The panel was moderated by Michael Schrage, former co-chairman of the MIT Media Lab and author of the book Serious Play: How the World's Best Companies Simulate to Innovate, and had as its theme, "Innovation + Cost Leadership." It featured several prominent MIT-oriented management experts, among them Michael Cusumano, a management professor in MIT's Sloan School and author of several books on the software industry, and Tom Malone, Sloan School professor and author most recently of The Future Of Work.
Cusumano led a lot of the early discussion about consolidation in the software industry and changing software models. He also talked about the "tremendous impact" to companies from embracing a high degree of "IT savviness." His most prominent example was convenience-store chain 7-Eleven, which, by its embrace of IT, facilitates an impressive turnover in inventory: a 70% new product rate per store per year, according to Cusumano. He also talked about the need for "re-engineering the business process before investing in IT," and the importance of governance in ensuring IT's effectiveness. "The governance models are really the hard part to get right," he said.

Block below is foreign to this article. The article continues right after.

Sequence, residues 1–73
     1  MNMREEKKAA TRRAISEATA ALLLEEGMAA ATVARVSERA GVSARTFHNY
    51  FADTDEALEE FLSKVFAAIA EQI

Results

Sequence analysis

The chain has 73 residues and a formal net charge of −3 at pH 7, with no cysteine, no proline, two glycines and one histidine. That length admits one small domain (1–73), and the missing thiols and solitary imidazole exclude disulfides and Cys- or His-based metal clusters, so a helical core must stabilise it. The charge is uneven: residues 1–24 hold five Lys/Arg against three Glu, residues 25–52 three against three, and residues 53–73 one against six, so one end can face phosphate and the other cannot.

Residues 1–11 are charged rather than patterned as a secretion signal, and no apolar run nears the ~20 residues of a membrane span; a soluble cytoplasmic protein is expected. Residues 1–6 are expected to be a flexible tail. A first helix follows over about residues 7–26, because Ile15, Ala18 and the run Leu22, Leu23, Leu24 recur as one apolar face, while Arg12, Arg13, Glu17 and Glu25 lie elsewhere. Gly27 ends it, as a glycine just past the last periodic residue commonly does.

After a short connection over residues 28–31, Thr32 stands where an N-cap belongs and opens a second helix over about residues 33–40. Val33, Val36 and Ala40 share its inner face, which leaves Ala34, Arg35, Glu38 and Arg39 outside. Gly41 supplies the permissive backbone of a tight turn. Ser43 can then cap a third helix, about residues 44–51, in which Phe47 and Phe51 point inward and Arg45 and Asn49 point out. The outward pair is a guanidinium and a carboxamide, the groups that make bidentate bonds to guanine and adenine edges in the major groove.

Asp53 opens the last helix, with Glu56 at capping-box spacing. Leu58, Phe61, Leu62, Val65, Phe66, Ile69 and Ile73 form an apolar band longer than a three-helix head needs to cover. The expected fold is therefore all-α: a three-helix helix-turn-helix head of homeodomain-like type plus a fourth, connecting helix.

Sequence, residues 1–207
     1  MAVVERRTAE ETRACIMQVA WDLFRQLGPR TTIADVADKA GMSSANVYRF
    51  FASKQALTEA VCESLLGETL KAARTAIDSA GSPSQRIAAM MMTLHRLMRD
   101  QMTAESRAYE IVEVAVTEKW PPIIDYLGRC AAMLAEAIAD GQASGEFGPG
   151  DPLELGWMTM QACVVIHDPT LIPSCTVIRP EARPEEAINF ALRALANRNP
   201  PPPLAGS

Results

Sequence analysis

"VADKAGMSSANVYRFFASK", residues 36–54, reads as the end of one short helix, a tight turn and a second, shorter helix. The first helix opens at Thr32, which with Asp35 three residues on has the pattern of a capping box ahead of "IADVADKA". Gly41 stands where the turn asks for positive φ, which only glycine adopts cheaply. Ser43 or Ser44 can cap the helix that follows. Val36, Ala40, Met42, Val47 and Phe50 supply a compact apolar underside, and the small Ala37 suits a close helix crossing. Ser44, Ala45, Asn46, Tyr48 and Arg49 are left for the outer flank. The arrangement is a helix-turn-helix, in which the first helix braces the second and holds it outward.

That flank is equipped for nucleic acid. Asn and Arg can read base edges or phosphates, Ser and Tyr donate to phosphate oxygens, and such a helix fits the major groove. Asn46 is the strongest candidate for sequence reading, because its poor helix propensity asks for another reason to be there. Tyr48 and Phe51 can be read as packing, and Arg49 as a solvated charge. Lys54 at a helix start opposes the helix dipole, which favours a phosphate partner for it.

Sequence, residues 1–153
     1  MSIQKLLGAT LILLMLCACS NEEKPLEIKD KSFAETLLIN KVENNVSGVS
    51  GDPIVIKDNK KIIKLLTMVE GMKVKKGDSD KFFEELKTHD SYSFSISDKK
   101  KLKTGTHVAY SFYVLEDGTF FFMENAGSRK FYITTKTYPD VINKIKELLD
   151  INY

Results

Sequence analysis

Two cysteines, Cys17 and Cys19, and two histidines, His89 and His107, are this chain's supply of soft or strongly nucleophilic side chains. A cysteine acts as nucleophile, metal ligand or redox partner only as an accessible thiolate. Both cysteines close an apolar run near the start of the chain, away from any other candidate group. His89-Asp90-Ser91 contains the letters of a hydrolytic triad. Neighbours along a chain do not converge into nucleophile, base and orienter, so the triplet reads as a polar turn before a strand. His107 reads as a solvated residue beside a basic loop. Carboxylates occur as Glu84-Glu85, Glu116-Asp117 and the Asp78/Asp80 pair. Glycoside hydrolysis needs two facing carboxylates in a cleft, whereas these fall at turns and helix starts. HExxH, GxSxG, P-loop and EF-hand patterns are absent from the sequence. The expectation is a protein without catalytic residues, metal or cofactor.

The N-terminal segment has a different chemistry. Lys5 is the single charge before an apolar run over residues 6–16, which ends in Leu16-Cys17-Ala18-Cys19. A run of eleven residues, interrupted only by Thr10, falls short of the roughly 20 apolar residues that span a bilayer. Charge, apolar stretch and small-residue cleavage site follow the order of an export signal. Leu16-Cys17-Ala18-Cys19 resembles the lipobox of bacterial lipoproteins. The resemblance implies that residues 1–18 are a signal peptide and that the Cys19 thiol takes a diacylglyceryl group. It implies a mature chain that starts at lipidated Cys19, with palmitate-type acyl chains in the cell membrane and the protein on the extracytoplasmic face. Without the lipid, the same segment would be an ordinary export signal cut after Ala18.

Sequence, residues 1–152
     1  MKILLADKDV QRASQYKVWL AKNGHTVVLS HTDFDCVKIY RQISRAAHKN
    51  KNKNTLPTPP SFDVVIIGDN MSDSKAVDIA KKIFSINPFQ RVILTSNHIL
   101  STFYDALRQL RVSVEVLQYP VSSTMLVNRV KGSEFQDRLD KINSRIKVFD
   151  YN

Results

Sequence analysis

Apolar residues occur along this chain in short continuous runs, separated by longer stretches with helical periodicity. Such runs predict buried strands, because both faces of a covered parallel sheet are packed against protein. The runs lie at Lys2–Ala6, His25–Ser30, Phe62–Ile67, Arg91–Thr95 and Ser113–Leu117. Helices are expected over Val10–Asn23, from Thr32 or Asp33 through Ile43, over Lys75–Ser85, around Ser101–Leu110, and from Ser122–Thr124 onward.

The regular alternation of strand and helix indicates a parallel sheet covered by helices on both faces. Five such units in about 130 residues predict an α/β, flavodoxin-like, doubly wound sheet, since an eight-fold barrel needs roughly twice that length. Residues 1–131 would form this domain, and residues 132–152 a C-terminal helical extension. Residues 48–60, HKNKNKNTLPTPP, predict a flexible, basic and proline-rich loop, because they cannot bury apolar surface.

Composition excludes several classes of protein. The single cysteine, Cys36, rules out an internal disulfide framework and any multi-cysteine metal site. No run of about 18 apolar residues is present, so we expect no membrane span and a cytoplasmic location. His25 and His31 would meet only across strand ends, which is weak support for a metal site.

The most interesting exchange occurred near the end of the panel. The discussion about IT governance led to a discussion about centralization versus decentralization, most panelists arguing for a decentralization of IT control -- except for Cusumano. Panelist Malone conceded that there are "absolutely cases where central control is a good thing," but that "many more things than we think possibly can and should be decentralized."
That led to this exchange:
Malone: "One of the most interesting opportunities for the CIO today is to move from a technology architect to a process architect."
Cusumano: "I would not trust the CIO to re-architect the organization."
Malone: "Does it depend on the who the CIO is?"
Cusumano: "No, I don't think it does."
Ouch! What do you think? Perhaps more importantly, what does your CEO, CFO, COO think? Is the CIO the right person to put in charge of architecting -- or re-architecting -- the company's business processes? If so, why? If not, why not? Let me know.